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Discussion Starter · #1 ·
Went up to my Dad's over the long weekend. The drought up there is really bad - most steams are dry and the only water around is in the farmer's cattle ponds. Most of those are way down. The temps reminded me of down here - 90-95 every day.

Hunted the first morning in a ravine with my 74 year old Dad - he still goes out with his bow regularly. We saw nothing, got back to the house and Mom told of the eleven deer in the yard, one within 3 yards of the front porch!! That night, Dad had a 4 point spot him. Man, that buck blew a lot!! I saw nothing again.

The next evening, we hunted different ends of a soybean field. I saw two out in the field, at the end away from both Dad and me. Watched them for almost an hour. One, a button buck got within 60 yards before ambling off intot he woods. As he was walking away, I looked to my right and saw horns in the woods. He was angling towards a fence and trail that I could shoot down so I waited and watched. He was going slow, took about 20 minutes to go 30 yards. The woods were thick enough that i got a glimce of him about every 5 minutes or so. I'd think he was gone then I'd see a piece of him. Finally, he got close tot he fence. I had to turn and face the tree, lift the safety strap for my elbow so I could draw the bow to get a shot. He could of come out at 15 yards (the plan) but he came out at 45 yards. When he stepped over the fence, I drew. He was quartering away and going uphill but stopped facing away from me on the edge of the trail. So I released, he wheeled back into the woods and I listened to him run back down the trail he came in on then the sound stopped even with me, about on the same line as where I had first seen him. I waited a long time, maybe 10 minutes, and started down the tree. Halfway down, I looked over towards the woods and saw a deer's tail go by - same trail. That one started blowing on the woods but stopped by the time I got down tothe ground. Once down, I looked back into the bean field - 8 deer out there! And one was a huge 8 pointer with antlers well past the ears and staring right at me. We watched each other for a while then I backed up towards the spot I had shot. That was enough to start the panic and 6 or 7 deer, including the big buck ran out of the field. Beautiful buck.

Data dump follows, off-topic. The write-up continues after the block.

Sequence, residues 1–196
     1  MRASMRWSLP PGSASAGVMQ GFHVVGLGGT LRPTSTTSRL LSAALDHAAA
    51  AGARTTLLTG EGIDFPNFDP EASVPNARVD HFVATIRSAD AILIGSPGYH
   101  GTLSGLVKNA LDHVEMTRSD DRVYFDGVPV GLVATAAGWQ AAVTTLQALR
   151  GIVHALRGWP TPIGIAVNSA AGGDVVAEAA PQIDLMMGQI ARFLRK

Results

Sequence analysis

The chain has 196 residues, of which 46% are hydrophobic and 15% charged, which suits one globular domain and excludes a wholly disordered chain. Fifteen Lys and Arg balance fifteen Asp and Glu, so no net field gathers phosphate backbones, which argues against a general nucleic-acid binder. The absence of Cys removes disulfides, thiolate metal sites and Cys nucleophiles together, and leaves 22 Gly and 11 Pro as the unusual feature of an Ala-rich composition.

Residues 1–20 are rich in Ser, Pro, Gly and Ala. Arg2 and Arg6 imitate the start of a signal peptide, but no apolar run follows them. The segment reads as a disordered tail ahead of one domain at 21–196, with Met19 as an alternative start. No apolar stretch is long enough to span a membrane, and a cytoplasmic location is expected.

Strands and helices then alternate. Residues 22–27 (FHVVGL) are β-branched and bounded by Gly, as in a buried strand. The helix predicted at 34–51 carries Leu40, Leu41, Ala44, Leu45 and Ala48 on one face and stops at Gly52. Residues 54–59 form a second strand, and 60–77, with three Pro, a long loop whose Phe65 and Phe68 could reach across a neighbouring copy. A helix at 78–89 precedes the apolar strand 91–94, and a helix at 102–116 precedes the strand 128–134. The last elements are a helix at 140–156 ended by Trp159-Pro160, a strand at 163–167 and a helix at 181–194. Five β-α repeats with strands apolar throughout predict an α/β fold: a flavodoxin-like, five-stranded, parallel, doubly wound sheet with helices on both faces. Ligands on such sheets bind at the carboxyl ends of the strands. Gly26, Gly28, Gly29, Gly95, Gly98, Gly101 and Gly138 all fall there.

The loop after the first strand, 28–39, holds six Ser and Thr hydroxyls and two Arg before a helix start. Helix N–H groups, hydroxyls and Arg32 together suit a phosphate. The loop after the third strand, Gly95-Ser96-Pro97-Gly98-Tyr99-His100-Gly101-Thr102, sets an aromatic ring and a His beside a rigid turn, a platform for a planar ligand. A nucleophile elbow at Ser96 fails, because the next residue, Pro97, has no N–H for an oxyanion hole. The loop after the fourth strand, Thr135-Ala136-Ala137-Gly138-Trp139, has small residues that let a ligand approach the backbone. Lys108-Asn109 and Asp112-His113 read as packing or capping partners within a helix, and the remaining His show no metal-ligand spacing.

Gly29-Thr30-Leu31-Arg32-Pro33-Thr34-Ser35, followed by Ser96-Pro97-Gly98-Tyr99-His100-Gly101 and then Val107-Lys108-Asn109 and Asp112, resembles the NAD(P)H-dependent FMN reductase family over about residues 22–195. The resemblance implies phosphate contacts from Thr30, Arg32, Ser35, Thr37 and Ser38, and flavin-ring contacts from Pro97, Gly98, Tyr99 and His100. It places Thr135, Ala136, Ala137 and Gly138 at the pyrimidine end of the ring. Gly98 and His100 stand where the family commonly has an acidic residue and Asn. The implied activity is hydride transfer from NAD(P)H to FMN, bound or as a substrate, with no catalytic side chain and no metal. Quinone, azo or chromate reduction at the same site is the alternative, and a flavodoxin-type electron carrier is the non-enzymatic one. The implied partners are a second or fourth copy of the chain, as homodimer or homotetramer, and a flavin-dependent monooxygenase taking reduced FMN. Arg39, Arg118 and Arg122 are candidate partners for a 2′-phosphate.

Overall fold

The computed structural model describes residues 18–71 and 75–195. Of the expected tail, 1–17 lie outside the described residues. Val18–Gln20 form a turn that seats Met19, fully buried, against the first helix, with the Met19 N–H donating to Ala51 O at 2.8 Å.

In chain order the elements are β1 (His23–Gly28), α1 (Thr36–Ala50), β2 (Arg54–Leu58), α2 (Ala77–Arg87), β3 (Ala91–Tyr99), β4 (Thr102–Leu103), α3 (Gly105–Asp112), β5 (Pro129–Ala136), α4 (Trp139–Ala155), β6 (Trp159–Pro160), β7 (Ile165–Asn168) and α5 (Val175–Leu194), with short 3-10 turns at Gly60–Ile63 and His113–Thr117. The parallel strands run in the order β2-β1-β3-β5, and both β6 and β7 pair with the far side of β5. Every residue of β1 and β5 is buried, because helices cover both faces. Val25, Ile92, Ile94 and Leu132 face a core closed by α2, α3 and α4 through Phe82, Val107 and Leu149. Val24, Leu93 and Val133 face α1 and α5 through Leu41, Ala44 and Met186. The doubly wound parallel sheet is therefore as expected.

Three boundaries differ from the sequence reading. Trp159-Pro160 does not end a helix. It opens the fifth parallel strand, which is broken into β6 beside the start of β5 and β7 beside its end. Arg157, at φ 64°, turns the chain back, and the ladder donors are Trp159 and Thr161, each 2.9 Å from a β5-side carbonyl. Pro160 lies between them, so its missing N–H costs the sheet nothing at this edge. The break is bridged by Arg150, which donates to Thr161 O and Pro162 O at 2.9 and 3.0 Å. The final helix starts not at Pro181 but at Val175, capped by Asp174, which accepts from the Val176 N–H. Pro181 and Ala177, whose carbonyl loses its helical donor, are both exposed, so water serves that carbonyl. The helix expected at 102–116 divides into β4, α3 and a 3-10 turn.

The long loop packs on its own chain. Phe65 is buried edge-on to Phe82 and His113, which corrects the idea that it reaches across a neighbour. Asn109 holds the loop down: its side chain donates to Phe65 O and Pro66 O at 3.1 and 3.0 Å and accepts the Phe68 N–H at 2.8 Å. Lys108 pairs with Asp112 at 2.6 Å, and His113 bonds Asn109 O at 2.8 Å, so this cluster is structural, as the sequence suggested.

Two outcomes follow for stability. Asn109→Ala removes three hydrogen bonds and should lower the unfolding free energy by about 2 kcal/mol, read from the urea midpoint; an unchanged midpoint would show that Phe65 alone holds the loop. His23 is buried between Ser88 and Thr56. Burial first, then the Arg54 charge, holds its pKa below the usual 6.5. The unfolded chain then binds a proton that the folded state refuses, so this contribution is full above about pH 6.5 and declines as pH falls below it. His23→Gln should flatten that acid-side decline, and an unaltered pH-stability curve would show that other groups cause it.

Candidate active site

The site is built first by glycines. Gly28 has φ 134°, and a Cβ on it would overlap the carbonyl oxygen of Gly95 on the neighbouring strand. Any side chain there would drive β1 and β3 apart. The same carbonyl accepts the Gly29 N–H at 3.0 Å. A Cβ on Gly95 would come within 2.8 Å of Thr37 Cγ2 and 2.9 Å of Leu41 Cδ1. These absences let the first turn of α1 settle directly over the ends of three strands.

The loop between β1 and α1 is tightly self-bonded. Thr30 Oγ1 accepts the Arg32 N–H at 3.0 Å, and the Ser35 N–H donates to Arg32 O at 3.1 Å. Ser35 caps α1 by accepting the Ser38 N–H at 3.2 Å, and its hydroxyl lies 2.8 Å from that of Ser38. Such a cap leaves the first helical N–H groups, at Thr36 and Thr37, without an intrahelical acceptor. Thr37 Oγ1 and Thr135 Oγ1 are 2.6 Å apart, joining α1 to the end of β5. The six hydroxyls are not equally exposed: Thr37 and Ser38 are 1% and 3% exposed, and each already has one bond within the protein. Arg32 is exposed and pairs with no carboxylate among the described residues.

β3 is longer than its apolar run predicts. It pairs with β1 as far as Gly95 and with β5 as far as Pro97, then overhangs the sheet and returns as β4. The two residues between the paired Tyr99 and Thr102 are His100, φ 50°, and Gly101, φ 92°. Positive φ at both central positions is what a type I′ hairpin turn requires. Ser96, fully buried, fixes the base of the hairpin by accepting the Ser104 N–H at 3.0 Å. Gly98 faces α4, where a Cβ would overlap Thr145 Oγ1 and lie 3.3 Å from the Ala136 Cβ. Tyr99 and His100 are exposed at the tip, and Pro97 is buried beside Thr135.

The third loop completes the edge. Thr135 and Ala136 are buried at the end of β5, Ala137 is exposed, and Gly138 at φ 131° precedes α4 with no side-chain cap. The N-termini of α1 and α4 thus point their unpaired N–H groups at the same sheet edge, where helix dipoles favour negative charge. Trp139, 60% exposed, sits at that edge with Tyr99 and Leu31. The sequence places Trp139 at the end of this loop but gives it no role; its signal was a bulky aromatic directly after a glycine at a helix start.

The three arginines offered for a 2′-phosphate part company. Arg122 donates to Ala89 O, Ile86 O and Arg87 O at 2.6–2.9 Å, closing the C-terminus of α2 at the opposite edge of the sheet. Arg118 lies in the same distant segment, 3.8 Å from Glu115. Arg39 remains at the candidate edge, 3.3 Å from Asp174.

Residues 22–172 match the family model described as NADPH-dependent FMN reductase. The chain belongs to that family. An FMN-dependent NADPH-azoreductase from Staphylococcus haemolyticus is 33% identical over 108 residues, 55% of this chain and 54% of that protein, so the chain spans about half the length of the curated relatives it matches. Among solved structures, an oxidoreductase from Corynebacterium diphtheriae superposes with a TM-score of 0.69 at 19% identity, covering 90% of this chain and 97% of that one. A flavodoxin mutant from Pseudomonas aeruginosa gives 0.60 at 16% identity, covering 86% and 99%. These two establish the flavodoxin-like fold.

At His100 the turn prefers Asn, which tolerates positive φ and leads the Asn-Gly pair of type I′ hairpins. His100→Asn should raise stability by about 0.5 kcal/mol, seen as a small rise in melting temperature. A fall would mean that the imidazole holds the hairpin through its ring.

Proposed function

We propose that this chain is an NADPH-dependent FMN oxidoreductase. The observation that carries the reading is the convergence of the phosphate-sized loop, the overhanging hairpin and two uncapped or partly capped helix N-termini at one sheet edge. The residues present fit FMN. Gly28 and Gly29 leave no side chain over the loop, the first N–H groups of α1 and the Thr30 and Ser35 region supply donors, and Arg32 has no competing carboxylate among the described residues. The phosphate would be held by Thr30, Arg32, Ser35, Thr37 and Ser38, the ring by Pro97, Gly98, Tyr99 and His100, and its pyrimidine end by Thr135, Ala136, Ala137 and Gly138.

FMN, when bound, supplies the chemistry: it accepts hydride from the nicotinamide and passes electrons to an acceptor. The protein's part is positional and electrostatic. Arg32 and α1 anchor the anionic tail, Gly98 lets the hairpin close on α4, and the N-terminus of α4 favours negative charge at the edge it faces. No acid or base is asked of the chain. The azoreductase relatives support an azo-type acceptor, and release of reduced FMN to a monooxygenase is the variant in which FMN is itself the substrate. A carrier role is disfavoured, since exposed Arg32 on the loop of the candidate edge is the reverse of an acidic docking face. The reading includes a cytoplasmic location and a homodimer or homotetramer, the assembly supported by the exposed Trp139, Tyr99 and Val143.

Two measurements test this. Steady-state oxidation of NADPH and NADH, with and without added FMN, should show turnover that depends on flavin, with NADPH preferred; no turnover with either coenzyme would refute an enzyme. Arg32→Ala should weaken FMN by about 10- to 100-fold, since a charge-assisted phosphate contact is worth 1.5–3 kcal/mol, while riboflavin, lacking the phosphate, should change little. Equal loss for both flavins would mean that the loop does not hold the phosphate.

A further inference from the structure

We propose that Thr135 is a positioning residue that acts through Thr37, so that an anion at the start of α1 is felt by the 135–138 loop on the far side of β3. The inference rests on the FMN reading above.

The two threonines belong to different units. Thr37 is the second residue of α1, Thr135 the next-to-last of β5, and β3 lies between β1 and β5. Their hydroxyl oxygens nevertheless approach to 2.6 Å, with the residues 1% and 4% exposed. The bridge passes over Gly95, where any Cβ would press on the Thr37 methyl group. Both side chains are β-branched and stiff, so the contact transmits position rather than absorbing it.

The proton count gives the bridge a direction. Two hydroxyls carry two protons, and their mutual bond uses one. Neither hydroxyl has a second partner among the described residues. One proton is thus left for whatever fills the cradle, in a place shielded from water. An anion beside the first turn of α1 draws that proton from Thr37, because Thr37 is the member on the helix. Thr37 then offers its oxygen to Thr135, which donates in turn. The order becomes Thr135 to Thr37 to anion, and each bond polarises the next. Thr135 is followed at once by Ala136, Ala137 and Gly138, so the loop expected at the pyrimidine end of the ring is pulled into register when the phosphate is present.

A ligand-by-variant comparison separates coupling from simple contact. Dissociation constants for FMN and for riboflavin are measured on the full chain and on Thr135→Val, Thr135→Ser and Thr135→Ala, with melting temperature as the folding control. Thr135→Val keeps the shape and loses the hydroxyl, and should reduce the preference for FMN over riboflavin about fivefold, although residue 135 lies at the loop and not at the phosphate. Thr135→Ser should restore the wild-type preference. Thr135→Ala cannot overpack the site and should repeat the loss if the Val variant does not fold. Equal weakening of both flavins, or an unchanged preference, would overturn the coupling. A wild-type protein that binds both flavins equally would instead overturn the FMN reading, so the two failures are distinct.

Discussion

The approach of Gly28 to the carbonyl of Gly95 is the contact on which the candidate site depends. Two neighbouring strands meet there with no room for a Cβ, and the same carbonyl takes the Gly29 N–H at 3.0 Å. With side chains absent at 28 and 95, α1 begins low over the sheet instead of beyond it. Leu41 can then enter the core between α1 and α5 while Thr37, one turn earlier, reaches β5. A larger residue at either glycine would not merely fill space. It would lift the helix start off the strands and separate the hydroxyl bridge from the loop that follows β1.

Walked over to where I had shot and looked around. No blood at first then 2 yards up the hill, blood but no arrow. Looked into the woods and there was the blood covered arrow leaning against a tree. It was getting late but I decided to see if that really was the buck going down that I had heard. The trail was spotty, good blood then 10-15 feet with nothing, then good blood. There was a well defined path and I followed it and kept finding blood. The woods got thick and while looking under some trees, saw a large dark something moving towards me. And another one and a third. I had left the bow back at the stand so I watched and saw it was a family of raccoons that went the other way at 15 feet. They had me going for a minute! I moved up the trail and looked around and saw the deer's tail on the ground. He'd gone maybe 40 yards before piling up. Small racked big bodied 6 pointer that went about 200 lbs live weight. The arrow had gone into the thigh, out and back into the gut (which blocked the entry hole) and out the far side rib cage. Great pentration!!

Looking forward to the next trip up there - sure hope to see the 8 pointer again!!!
 

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Discussion Starter · #7 ·
Blue Hoo - totally agree that one normally needs to wait at least an hour before trailing a bow shot deer.... Unless you believe it was a good shot, you think you heard him fall & the temps are in the 90's. A lot of me finding the deer within 40 yards of where he was hit was luck. If I hadn't heard him fall, I would of walked over to where I hit him, checked the blood and the arrow, and most likely walked away, to come back a bit later. Always have to watch the arrow in flight to see where it hits the deer, see how the deer reacts, and check the sign to figure out what to do next. But waiting is always the smart think to do.
 
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